Detroit drafted a talented, athletic tight end in Eric Ebron (more later) and signed free agent wideout, Golden Tate. The latter’s arrival finally gives Detroit something they haven’t had since drafting Megatron– a competent number two. Last year, Lions receivers has the most drops among any team in the league (46), which made for almost eight percent of Detroit’s total targets (via Matthew Berry). Tate, meanwhile, dropped just two of the 94 targets he saw last year. With the weapons at his disposal, Stafford will be drafted as a top-five fantasy signal caller.
The question is … will he finish there?
After years of a revolving door at the running back position, the Lions don’t just have a great backfield, but arguably the best in all of football. Detroit saw Joique Bell somewhat emerge in 2012, while Reggie Bush’s inaugural season in the Motor City was a success, as he eclipsed both 1,000 rushing yards and 500 rushing yards for the first time in his career. Both backs hauled in over 50 balls, while Bell has accomplished that feat in two consecutive seasons now. It’ll be interesting to see how the usage looks in Detroit this season, but for those interested, FantasyData has a nice breakdown of not only the snaps, but the efficiency, as well.
Bush missed two games, which is why Bell ultimately finished the year with more snaps. Still he played almost 44 snaps per game, compared to Bell’s 39, but that gap should be narrowed this year. Lombardi has a history of a multiple back system in New Orleans, where Bush caught almost five passes per game. I’d expect him to catch more passes than his counterpart, but the rushing could shift toward favoring Bell. Lombardi also stated that this could be a 50/50 split this year, and when the Lions are in close, it’ll be Bell getting the looks. Last year, Bell had 24 carries from inside the red zone, as well as a solid 13 from 10 yards shy of the end zone. He’s the better between the tackles runner, so I’d expect him to lead the backfield in such carries this year. And, according to Rich Hribar, Bell was a top-five rusher in terms of touchdown conversion rate from inside the five last year.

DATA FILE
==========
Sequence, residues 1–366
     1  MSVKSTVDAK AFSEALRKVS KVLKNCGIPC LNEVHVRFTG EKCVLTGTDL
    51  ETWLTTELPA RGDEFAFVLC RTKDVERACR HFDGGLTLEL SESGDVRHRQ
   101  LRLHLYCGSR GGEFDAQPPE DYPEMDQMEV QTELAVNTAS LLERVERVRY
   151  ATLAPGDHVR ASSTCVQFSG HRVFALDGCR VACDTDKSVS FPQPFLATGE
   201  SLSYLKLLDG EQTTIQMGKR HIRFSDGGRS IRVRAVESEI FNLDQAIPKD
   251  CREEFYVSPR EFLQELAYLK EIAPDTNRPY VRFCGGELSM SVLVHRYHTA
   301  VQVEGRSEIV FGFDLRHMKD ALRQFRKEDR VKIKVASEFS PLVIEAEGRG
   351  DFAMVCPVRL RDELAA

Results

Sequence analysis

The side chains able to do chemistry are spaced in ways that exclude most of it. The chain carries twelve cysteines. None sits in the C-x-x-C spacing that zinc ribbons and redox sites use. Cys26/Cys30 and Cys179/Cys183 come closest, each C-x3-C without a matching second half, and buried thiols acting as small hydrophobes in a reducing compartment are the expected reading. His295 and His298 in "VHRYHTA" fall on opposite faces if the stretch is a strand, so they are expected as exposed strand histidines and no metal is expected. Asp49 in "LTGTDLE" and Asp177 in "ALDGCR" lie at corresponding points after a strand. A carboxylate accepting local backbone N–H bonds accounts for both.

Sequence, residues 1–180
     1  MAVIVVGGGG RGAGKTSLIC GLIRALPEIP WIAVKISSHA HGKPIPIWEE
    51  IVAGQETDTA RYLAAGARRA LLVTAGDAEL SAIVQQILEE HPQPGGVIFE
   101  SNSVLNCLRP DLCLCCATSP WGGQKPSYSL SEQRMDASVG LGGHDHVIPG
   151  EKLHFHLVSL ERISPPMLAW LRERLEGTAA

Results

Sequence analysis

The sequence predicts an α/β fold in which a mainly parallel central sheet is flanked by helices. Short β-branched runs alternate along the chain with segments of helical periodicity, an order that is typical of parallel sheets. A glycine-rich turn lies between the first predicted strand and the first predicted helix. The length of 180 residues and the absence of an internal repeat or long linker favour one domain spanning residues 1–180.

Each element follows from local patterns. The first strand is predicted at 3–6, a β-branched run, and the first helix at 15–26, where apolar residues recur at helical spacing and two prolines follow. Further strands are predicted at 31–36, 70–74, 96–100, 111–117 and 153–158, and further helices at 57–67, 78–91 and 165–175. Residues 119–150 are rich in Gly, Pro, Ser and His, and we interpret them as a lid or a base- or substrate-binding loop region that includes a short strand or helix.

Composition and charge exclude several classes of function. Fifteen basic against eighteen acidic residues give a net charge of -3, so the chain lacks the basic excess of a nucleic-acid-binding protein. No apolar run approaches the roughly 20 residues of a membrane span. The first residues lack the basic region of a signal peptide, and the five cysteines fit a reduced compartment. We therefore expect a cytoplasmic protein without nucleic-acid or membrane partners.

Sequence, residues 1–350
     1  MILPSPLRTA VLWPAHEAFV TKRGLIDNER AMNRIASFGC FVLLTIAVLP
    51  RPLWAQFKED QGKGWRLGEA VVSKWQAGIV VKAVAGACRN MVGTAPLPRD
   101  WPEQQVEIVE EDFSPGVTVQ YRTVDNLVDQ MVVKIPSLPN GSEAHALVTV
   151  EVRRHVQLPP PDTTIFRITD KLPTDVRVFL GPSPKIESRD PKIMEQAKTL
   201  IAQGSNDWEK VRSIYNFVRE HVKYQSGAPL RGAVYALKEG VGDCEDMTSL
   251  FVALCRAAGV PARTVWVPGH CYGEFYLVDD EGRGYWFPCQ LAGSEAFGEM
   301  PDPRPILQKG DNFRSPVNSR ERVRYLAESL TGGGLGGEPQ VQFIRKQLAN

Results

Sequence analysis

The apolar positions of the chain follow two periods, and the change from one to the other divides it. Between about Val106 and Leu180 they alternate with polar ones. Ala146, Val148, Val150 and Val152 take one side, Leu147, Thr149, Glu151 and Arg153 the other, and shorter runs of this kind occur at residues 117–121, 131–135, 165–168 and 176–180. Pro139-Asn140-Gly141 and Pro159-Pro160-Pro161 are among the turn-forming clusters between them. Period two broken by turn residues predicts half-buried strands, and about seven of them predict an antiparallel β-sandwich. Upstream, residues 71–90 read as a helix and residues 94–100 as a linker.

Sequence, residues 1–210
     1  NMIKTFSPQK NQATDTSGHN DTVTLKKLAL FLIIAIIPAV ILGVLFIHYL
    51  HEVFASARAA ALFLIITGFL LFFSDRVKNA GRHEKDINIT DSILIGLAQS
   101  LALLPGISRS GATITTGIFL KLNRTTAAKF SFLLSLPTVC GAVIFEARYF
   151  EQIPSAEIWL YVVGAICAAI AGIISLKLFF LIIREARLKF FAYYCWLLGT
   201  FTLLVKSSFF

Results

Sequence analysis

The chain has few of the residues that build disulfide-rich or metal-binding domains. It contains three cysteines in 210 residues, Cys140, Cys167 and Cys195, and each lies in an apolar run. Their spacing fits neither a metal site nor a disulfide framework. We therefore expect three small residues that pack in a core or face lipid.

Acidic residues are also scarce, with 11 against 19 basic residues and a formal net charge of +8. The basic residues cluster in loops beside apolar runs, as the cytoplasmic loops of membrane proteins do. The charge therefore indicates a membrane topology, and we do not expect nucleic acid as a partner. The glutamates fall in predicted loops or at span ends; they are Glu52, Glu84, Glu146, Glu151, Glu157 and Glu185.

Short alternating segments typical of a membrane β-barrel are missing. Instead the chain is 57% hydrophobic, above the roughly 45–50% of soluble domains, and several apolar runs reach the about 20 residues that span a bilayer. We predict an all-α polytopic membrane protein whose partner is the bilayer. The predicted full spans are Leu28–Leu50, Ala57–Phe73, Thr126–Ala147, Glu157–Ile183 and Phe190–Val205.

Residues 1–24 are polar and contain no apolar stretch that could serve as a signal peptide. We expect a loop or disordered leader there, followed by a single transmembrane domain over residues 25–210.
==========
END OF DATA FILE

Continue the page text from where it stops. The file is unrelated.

But again, Bush will likely be the more productive pass-catcher.
*Played just 8 games in 2010.
However, when I’m drafting, I’m targeting Bell over Bush, and it’s not close. Bush is currently coming off the board in the third round, while Bell, who will still catch a handful of balls and score more touchdowns on the ground, can be had three full rounds later.